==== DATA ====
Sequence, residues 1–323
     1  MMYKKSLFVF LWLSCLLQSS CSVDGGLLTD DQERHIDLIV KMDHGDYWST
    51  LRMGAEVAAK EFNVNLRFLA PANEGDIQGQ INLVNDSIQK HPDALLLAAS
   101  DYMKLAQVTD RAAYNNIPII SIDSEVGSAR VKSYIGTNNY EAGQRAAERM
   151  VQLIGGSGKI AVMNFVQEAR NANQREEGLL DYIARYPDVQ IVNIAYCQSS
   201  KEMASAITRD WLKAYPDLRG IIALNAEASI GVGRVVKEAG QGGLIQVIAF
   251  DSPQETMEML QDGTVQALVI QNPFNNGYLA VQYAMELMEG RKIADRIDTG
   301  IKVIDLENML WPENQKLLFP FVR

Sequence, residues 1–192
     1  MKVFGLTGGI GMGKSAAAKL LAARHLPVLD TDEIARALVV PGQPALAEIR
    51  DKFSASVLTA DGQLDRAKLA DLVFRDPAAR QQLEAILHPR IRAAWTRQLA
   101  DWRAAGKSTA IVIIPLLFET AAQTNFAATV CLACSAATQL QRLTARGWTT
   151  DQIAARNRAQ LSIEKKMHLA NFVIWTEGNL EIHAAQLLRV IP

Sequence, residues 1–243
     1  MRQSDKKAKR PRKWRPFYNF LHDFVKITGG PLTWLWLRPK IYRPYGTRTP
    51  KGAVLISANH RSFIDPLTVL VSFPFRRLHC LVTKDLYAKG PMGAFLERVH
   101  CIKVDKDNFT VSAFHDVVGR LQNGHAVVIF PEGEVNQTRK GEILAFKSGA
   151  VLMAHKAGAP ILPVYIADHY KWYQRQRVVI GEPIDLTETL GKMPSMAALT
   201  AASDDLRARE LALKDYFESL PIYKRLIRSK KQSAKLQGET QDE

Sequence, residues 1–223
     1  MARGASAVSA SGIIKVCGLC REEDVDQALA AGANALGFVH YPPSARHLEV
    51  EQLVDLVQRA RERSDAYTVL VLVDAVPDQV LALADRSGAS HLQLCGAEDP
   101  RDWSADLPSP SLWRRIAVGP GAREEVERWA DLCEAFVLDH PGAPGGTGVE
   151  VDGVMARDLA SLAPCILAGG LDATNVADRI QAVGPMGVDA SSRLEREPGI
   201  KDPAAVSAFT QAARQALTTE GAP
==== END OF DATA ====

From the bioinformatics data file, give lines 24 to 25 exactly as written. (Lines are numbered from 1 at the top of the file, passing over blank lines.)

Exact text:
   151  VDGVMARDLA SLAPCILAGG LDATNVADRI QAVGPMGVDA SSRLEREPGI
   201  KDPAAVSAFT QAARQALTTE GAP